High School Dreamers: Using Mind Movies as Inspiration for Artwork
Peterson, Margaret, Art Education
Dream imagery has captured the imagination of artists at various times in the history of art. York High School, Elmhurst, Illinois, itt teacher John Randle (personal communication, October 5, 1999) recalls his favorite story of artist-- dreamer Salvador Dali who wrote in an autobiography that he used to sit down in a comfortable armchair. Just as he was about to nap, he would put a very large metal key in his hand. As he drifted off to sleep, his hand would release the key, and it would hit the floor with such a large bang that he would wake up and write down his dream. Dali claimed that right at the beginning of a dream you have your strongest images as you drift from consciousness to unconsciousness. These dream images were a rich source of his artistic imagery.
Overview: Dreams as Inspiration
Giant keys are no longer in common use, but the spirit of Dali's inspiration might provide a wealth of material for today's art teacher. You are probably wondering how the material can be organized and presented to high school art students whose lives are filled with working, driving their cars, babysitting, playing Nintendo, listening to music, or experimenting with sex, drugs, and alcohol. How can young adults find meaning in an esoteric subject like dreams?
In the past my students have resorted to a caricature of a dream image (a ghost or other Halloween imagery) rather than recognizing their real mind movies: images they create themselves. This article maintains that high school art students, using any media, can be guided into use of their own dream images as subjects for their artwork. Students can be taught to become aware of these images, and the teacher can organize lesson plans that validate and acknowledge student dream imagery in their artwork.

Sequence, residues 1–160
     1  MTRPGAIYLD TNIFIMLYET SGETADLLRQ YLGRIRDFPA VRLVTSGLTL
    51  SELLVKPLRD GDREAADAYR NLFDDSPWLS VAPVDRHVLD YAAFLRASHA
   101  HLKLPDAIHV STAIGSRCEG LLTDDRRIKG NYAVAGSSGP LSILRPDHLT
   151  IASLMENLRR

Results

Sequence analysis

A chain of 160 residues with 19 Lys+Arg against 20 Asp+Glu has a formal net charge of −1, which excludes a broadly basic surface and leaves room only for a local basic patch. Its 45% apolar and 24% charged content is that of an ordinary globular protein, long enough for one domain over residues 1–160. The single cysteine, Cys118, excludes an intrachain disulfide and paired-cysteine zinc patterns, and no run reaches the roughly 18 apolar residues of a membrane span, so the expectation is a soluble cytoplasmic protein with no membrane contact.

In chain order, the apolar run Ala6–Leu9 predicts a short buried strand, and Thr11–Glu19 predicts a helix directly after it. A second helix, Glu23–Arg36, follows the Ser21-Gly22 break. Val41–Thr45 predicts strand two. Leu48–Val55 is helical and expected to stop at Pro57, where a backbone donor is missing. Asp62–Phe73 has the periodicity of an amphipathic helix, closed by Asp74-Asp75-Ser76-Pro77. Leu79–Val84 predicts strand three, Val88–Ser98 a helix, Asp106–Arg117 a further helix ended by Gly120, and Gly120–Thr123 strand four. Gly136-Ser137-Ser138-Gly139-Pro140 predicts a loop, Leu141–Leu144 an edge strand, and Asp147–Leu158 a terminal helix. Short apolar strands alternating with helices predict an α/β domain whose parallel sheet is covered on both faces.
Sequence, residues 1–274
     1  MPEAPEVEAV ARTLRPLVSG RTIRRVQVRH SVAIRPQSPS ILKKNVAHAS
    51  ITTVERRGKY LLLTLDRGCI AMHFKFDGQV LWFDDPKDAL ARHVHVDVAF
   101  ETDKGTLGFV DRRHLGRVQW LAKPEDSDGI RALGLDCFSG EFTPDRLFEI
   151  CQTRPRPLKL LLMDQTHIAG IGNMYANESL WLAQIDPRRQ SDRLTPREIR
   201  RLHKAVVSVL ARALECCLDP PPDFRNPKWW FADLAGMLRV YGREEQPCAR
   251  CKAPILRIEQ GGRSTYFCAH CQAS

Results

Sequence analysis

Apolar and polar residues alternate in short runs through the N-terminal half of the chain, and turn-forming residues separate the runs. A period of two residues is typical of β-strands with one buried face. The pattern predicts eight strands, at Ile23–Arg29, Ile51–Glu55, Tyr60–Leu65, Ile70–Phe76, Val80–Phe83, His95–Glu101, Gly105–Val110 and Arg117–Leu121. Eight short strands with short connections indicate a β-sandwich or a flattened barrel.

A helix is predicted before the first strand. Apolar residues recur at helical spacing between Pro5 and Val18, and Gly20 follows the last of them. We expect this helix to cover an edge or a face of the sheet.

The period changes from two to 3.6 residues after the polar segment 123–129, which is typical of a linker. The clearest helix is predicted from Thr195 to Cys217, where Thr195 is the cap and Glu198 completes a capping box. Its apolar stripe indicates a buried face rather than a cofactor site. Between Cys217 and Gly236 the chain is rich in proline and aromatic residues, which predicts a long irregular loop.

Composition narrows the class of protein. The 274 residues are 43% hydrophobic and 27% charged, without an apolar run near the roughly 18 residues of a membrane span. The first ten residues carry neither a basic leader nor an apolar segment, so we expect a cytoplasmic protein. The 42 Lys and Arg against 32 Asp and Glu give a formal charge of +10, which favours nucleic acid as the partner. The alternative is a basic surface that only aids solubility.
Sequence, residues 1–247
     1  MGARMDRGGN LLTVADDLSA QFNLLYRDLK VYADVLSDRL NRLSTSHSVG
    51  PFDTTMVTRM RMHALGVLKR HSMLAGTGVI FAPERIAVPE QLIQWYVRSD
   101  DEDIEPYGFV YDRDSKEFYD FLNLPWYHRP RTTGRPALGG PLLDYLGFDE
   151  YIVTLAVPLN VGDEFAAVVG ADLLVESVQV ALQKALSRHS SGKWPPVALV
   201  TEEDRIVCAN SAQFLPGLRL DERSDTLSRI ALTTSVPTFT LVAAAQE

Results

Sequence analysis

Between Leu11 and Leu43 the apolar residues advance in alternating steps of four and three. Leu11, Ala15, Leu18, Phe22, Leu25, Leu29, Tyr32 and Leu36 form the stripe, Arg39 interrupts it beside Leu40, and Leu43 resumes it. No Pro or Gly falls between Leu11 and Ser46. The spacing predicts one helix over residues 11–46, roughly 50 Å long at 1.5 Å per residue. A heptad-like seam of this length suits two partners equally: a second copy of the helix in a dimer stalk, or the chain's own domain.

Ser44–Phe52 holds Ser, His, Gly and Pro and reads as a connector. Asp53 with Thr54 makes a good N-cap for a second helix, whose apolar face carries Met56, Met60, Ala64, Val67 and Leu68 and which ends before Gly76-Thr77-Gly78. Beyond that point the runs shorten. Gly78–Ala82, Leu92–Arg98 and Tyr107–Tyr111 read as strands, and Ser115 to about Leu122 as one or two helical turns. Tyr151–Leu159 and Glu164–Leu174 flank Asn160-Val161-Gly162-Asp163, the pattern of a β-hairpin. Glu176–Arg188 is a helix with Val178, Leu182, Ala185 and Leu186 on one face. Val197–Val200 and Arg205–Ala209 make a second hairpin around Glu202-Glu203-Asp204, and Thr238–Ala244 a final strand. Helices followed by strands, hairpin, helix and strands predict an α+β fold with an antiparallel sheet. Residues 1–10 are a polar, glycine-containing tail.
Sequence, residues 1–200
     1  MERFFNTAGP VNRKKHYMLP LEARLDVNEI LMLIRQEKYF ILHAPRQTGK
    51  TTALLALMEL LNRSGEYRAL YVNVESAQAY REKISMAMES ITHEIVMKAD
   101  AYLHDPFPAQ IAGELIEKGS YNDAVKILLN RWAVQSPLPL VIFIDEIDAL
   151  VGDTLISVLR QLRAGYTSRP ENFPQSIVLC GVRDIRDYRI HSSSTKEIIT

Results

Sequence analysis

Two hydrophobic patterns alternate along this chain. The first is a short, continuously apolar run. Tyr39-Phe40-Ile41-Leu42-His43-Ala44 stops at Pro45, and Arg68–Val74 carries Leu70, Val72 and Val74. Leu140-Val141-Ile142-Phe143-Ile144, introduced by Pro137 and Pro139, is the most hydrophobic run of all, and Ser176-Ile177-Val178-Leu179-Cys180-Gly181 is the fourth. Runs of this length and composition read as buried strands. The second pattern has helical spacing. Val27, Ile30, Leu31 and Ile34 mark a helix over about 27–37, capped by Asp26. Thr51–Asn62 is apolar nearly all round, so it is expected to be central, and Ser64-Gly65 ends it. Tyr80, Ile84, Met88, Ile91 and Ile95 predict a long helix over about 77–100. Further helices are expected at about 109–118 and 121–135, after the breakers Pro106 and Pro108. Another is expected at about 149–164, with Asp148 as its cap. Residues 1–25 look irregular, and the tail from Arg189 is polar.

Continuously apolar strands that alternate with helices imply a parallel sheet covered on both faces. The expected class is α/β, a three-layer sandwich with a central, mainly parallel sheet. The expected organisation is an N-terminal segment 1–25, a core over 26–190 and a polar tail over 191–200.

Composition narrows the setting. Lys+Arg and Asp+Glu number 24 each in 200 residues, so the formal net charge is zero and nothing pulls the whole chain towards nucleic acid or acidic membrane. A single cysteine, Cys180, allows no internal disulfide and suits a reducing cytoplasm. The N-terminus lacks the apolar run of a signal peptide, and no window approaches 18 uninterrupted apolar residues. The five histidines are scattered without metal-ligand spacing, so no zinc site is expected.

Theoretical Framework: Dreams in Science and Psychology
Having been diagnosed with periodic limb disorder, commonly known as "jumping legs," I became interested in sleep clinics because I had recently spent a night at one. My head, limbs, and chest were hooked up to monitors with more than 20 wires. My every movement and brain wave were recorded. I laughingly wondered if they could even read my dreams. The sleep clinic physician assured me that dreams are considered a very real object of study.
"Dreaming is just another altered state," says Dr. Kathy Sexton-Radek (personal communication, October 4, 1999) of Suburban Pulmonary and Sleep Associates in Westmont, Illinois, "and is one of many outlets in which people can express them-selves." "Hmmm," I thought, a scientist recognizes the power of dreams as an outlet or source of ideas and of ways to expand the possibilities of our thinking.
"Dreams are a clarification of unfinished thoughts," mused Dr. Sexton-Radek, who is also chairperson of the psychology department at Chicago suburban Elmhurst College. "They are a trying-out ground... to get out ideas of alternative thinking." Her comment reminded me of something I had read in a college psychology course.
In a chapter by Jung (pp. 18-103) in Man and His Symbols (Jung et al., 1972) the author proposes that dreams are powerful messengers. His example is the story of the 19th-century German physicist Kekule who dreamt of a snake lying in a circle with its tail in its mouth. When he awoke, the image suggested to him what could be (and then proved to be) the form of a closed carbon ring, the molecular structure of benzene.
Scientists discovering something new and artists finding imagery are all within the power of dreams. "In the history of dreaming," states Sexton-Radek, "there's the Ah-ha! phenomenon when people dream about the day's question and then wake up in the morning with an answer," like Kekule's dream of a snake suggesting a carbon structure, or a shell dream suggesting a gallery art show piece.
The "Ah-ha" of Transforming a Shell Dream: Art and Teaching
As an artist I have used a Red Shell dream in an installation piece. …